In a preferred embodiment of this invention the flourcontaining particles are placed in a tumbling cylinder mounted on a horizonal axis. The particles should form a fairly shallow bed of material, for example, up to a maximum depth of about 2 to 8 inches thick when at rest in a tumbling cylinder having a diameter of about 2 feet. The cylinder is slowly revolved about its axis at a speed of about to 50 rpm. The sticky cohesive agglomerating liquid under a high pressure is sprayed through an atomizing nozzle onto the slowly tumbling mix. The gentle agitation produced by this tumbling mechanism provides for a high probability of contact between the particles without thereby producing an overly hard compaction. It also permits the fine spray of sticky cohesive liquid to become thoroughly dispersed throughout the mixture so that an optimum aggregation of particles can be attained with a maximum loss of stickiness therein. The resulting loosely-compacted aggregate product can be readily blended with or mixed into water and other aqueous systems to form a batter or dough.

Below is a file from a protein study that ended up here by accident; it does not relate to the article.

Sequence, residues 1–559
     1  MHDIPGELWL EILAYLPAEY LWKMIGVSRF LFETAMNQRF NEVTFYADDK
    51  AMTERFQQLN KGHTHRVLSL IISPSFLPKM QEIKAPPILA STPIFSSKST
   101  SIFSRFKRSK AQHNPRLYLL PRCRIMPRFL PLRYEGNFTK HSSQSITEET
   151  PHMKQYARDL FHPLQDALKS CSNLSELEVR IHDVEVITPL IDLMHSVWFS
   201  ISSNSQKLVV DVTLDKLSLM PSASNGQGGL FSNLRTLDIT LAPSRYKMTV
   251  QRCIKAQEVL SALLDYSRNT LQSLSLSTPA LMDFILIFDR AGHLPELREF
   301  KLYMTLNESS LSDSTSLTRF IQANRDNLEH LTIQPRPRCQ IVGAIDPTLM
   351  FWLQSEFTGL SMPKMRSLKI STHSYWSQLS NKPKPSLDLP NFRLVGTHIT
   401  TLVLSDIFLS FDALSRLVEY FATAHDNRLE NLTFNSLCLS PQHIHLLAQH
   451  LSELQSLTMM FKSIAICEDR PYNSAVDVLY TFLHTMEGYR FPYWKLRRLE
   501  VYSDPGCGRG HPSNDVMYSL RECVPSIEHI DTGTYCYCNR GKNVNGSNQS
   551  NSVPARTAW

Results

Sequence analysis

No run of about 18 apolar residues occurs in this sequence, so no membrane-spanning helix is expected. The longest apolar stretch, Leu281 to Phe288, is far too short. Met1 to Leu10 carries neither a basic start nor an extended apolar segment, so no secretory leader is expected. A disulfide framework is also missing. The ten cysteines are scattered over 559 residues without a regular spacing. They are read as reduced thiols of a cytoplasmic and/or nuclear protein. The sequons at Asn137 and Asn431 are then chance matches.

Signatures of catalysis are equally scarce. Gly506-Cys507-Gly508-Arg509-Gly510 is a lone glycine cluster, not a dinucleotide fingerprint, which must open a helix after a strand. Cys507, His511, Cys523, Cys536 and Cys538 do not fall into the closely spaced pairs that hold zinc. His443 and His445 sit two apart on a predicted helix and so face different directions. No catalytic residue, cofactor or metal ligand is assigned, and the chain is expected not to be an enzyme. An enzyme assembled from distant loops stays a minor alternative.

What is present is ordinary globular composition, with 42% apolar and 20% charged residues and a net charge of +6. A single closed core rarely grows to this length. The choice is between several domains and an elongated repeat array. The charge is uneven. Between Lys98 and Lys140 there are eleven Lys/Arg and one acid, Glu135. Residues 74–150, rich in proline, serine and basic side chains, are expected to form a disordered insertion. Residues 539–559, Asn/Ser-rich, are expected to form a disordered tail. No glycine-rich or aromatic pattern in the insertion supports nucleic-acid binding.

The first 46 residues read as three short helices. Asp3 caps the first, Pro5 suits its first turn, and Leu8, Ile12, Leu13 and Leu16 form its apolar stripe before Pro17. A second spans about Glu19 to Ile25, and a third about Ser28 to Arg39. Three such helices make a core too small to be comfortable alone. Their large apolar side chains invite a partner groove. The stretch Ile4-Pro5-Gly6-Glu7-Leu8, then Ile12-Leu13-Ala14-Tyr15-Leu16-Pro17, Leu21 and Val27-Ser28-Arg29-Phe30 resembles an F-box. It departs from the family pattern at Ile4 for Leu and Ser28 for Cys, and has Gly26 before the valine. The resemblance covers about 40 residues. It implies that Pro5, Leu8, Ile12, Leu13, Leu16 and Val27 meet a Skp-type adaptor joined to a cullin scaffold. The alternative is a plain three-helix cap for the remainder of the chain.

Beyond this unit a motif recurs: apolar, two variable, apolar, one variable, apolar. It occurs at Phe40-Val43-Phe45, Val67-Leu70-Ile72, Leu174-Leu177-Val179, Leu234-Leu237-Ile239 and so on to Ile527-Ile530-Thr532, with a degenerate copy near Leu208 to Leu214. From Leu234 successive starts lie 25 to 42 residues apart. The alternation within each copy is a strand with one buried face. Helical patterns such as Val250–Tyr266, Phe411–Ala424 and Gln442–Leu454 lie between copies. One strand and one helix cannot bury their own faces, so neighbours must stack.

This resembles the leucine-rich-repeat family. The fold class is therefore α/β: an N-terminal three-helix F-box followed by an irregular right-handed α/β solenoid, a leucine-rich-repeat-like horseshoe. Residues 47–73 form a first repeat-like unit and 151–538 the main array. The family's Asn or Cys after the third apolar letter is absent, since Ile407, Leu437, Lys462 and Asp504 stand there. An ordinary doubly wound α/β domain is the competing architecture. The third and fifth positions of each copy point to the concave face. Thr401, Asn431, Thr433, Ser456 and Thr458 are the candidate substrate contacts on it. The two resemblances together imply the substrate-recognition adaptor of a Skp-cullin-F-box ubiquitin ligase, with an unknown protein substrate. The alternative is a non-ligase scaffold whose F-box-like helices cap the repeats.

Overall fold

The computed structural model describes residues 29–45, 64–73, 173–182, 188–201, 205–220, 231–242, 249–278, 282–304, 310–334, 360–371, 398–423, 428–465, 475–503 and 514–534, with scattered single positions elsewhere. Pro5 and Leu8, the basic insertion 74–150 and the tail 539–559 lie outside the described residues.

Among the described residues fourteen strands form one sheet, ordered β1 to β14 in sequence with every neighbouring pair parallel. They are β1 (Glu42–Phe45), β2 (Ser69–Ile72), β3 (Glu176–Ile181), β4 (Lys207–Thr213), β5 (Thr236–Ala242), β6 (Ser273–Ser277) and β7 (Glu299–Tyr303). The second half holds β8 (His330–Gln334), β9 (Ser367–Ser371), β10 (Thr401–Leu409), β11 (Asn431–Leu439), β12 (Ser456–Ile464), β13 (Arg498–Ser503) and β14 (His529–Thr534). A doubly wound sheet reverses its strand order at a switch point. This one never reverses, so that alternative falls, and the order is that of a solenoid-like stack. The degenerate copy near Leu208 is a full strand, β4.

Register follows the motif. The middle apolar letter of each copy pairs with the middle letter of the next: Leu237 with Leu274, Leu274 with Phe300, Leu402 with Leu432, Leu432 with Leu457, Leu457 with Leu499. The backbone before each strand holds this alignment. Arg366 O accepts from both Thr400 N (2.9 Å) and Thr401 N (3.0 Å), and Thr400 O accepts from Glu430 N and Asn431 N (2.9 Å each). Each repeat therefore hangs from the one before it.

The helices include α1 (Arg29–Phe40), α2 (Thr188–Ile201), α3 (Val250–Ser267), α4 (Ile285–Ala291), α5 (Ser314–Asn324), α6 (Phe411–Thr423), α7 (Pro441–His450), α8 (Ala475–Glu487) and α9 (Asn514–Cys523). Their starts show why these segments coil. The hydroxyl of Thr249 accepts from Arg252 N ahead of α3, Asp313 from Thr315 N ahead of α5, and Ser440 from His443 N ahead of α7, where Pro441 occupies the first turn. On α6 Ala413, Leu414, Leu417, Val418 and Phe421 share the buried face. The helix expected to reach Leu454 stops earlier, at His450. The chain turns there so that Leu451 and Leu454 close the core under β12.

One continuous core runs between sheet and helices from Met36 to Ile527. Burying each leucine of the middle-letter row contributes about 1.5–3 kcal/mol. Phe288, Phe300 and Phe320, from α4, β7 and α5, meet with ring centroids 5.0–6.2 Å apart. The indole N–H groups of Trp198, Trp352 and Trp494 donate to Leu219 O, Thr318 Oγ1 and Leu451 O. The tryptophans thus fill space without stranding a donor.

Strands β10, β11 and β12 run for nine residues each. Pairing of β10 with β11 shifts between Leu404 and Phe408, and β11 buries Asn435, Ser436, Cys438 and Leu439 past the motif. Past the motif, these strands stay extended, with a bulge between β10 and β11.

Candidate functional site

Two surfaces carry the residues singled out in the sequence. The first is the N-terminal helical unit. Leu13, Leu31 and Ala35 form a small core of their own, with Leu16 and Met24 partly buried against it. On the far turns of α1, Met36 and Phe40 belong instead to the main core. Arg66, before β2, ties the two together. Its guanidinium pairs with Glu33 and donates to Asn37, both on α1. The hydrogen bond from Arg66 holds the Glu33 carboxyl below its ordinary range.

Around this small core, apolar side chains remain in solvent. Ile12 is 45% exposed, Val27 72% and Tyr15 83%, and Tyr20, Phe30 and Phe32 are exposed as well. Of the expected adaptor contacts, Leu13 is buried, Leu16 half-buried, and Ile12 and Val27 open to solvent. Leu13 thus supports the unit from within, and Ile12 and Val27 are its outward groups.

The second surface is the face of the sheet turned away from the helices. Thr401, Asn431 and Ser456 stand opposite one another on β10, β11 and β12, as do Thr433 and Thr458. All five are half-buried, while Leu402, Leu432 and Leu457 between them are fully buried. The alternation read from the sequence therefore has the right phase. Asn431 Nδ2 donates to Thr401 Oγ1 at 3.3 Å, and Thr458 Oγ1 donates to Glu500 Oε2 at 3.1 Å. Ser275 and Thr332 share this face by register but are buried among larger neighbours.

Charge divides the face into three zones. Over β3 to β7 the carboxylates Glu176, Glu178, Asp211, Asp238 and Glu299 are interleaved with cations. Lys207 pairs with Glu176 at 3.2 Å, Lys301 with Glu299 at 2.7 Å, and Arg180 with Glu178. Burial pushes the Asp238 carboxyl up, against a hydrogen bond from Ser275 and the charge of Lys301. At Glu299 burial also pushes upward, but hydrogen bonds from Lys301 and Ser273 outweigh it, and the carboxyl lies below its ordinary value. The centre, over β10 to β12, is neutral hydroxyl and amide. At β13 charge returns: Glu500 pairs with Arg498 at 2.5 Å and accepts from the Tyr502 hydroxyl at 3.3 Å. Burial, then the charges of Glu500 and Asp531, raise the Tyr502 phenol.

Another method of tumbling and spraying comprises atomizing the sticky binding liquid onto a gently agitated fluidized bed of the material to be agglomerated.